And the Jamaican media are also split over the issue, with the Jamaica Observer leading with the headline: ‘Cheers and jeers for Duke and Duchess of Cambridge’ and an interview with a republican activist – while The Star says the royal couple have been ‘embraced’ by locals through ‘love and love alone’ and The Gleaner highlights their ‘taste’ of ‘Trench Town rock’.

Prince William and Catherine Duchess of Cambridge arriving at Culture Yard in Trench Town, Kingston, Jamaica


Jamaica Observer leading with the headline: ‘Cheers and jeers for Duke and Duchess of Cambridge’ and an interview with a republican activist – while The Star says the royal couple have been ‘embraced’ by locals through ‘love and love alone’ and The Gleaner highlights their ‘taste’ of ‘Trench Town rock’

William quickly got his wife involved in the dancing in Belize as bystanders gathered to take pictures of the royal couple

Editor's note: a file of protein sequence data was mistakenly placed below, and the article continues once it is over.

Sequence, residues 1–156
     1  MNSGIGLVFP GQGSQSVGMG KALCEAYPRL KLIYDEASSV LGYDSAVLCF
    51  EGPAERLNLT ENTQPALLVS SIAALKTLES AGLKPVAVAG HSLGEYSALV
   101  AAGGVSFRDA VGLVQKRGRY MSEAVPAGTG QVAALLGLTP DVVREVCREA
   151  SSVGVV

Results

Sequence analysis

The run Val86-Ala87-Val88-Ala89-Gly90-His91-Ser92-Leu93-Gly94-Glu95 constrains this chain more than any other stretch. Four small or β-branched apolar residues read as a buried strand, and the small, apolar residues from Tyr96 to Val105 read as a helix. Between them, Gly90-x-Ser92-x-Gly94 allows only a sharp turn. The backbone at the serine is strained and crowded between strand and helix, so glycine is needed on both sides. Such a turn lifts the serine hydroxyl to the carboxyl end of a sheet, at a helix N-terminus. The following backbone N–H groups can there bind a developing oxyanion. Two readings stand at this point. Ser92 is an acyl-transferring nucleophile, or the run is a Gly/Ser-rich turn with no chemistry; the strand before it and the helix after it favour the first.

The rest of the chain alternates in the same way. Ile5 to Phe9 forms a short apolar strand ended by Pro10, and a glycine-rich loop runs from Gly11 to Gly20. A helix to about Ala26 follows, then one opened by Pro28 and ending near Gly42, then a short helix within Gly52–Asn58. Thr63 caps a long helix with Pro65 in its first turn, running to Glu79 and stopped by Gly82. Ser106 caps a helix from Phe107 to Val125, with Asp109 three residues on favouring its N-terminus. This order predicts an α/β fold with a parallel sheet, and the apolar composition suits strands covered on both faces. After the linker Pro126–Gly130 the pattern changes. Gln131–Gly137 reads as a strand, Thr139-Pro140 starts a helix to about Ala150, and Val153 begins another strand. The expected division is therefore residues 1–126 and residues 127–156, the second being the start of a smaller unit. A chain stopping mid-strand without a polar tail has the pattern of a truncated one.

Protestors outside the British High Commission in the island nation’s capital Kingston on Tuesday

JAMAICAN OBSERVER: ‘Cheers and jeers for Duke and Duchess of Cambridge’

JAMAICAN OBSERVER: ‘Cheers and jeers for Duke and Duchess of Cambridge’

The Jamaican Observer writes: ‘Sharply contrasting reactions emanated from Jamaicans in the capital city on Tuesday as the Duke and Duchess of Cambridge William and Catherine, arrived here for a three-day visit that has brought to the fore the extent to which the country is divided on the British Royal Family.